Project Hope receives Ignite funds

Annual fundraising luncheon surpasses prior tally and proceeds will help homeless women and their children.

Photo courtesy Ignite

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Posted April 22, 2022 | By Susan Smiley-Height

The giant check bore the figure $62,000. That marks the most money ever raised by Ignite for Ocala during its annual luncheon, which took place on March 10. On April 13, Project Hope became the recipient of those dollars, which will help the nonprofit serve even more homeless women and their children. 

Ignite for Ocala was formed to help local nonprofits that share the group’s mission of creating a safe and loving community. The nonprofit Project Hope was established by a faith-based community group and has offices at its 40-unit Hope Villas transitional living apartment complex. Some of the units are rented at market value to help sustain the program model, which helps foster self-sufficiency for the homeless mothers to aid them in becoming independent so the likelihood of them being homeless again is much less.

The women chosen to participate do not pay rent the first month. After that, they pay a subsidized fee to cover a portion of the rent and utilities. Once they find employment, the fees increase until they can pay the full cost. The average residency is 12 to 18 months. 

“With these funds from Ignite, we will be able to house four more homeless single women and their children this month,” said Project Hope Executive Director April McDonald.

“It also will allow us to continue to supplement housing costs for the 22 apartments at Hope Villas, to include weekly life skills classes such as budgeting and conflict resolution. It also will help them further their education. The monetary donation was an incredible blessing and the partnerships and friendships formed the past six months are priceless,” McDonald added.

Jeanne Henningsen, the founder of Ignite, explained that nonprofits can apply to Ignite for funding consideration and how Project Hope was chosen this year to receive the record-setting donation. She said they reviewed 19 nonprofit applications and narrowed it down to the top 10.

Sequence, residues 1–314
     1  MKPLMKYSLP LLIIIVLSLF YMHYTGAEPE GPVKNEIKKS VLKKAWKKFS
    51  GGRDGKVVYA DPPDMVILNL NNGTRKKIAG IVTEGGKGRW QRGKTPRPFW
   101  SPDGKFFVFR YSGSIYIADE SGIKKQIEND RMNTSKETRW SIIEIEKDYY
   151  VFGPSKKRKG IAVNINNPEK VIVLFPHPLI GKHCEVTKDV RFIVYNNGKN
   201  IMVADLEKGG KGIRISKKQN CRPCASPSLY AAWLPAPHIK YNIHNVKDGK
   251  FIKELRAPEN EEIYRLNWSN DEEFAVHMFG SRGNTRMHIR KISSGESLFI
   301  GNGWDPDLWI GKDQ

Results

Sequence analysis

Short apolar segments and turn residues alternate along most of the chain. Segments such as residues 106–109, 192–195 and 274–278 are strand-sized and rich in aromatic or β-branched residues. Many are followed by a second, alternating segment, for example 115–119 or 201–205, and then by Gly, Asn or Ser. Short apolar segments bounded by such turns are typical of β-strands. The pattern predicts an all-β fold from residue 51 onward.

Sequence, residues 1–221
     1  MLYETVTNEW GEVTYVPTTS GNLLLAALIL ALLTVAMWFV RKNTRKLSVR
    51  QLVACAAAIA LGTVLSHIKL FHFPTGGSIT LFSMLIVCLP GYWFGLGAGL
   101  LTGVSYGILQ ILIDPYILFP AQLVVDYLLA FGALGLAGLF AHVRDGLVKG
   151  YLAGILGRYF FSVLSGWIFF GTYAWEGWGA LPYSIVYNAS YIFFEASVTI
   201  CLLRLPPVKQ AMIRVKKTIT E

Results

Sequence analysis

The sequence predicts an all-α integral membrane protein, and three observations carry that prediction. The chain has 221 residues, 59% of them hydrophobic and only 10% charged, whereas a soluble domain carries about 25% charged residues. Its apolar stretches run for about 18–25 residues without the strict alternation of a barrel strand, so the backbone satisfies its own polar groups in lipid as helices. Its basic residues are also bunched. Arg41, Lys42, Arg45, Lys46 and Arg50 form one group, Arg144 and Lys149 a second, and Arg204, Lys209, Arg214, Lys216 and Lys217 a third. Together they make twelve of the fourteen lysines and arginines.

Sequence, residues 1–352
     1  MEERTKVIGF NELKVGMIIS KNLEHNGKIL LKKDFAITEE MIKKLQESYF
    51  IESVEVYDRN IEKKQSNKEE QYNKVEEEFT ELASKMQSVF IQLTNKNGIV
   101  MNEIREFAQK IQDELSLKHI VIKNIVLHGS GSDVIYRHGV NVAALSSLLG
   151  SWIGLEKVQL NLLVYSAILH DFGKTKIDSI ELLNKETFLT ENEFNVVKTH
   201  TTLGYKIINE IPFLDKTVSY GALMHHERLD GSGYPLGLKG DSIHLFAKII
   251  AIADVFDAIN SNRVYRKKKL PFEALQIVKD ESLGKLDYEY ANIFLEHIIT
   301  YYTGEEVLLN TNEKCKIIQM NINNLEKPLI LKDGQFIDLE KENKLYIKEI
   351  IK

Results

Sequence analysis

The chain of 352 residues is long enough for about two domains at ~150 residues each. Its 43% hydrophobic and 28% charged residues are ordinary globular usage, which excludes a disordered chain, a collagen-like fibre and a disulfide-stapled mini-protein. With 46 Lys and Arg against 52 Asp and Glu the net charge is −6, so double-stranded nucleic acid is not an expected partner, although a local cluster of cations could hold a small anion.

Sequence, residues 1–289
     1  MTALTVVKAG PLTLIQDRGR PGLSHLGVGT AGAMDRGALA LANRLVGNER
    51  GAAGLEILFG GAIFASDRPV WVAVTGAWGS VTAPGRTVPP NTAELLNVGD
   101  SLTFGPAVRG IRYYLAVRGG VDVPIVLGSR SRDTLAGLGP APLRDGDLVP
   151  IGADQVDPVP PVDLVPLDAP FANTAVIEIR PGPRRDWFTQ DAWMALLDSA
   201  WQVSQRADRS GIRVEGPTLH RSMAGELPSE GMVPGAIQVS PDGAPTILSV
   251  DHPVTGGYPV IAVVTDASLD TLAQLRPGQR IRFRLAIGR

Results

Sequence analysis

“We then decide the top three that we will interview. After that, we choose the nonprofit that we want to support for the year,” she said.

“Project Hope stood out for us because of the way that they don’t just provide a place for these homeless women with children to live but they also teach them how to live. We were very impressed by their program and the many ways they help the women become self-sufficient. April’s passion and commitment to these families was so real and authentic, it brought our team to tears. We are so grateful April made the decision to apply so we could be blessed by knowing her and her team as well as see first-hand the lives Project Hope is changing,” Henningsen added.

“I would say to other charities, if they haven’t applied for this annual award, I would highly recommend it because the blessings are endless,” McDonald said.

Because Project Hope is faith-based, it does not receive state or federal funding and relies on community support. McDonald said there is a constant need not only for monetary donations, but also for furniture, kitchen items and other household goods as the women take those things with them when they move out of Hope Villas. To learn more, such as how to donate and about volunteer opportunities, visit

Henningsen said those who are interested in joining the Ignite team or wants to know more about the nonprofit application process can attend an informational meeting at 8 a.m. on May 19. To register, go to To make a donation, go to and click on “Donate.”